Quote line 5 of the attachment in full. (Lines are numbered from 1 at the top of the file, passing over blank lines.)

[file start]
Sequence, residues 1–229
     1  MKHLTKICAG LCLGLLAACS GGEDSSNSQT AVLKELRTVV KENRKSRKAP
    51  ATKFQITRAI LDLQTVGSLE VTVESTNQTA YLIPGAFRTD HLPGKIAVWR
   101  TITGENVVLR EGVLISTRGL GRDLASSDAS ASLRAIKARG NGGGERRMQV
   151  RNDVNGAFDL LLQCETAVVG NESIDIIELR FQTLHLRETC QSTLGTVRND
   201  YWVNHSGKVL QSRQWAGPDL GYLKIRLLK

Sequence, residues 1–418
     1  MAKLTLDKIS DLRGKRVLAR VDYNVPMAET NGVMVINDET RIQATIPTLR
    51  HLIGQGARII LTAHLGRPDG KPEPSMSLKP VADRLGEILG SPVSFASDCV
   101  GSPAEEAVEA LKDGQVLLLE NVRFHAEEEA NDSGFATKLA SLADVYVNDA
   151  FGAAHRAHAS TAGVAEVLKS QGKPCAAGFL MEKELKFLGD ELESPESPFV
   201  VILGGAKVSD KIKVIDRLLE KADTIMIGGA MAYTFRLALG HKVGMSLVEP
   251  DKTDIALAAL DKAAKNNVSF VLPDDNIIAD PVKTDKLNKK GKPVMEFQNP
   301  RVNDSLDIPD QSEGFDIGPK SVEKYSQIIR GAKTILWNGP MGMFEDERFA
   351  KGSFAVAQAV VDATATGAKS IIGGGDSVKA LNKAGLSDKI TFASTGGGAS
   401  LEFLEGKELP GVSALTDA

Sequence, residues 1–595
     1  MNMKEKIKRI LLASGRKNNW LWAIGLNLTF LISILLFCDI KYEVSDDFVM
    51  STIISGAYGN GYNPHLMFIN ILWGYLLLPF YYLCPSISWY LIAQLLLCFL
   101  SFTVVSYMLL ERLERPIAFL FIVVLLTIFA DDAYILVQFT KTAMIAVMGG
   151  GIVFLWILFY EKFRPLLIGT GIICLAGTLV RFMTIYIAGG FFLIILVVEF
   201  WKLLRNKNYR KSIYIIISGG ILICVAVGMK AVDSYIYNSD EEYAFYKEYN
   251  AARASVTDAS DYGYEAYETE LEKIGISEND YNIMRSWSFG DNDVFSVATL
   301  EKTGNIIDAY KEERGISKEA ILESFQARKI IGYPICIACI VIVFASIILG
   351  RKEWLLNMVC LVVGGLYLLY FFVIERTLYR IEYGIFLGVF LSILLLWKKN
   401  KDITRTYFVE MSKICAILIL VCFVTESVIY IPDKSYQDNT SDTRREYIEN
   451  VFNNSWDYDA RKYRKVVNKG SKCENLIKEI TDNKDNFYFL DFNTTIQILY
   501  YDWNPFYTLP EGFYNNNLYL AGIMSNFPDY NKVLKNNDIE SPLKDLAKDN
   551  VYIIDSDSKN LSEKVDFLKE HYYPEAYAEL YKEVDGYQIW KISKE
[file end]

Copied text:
   151  RNDVNGAFDL LLQCETAVVG NESIDIIELR FQTLHLRETC QSTLGTVRND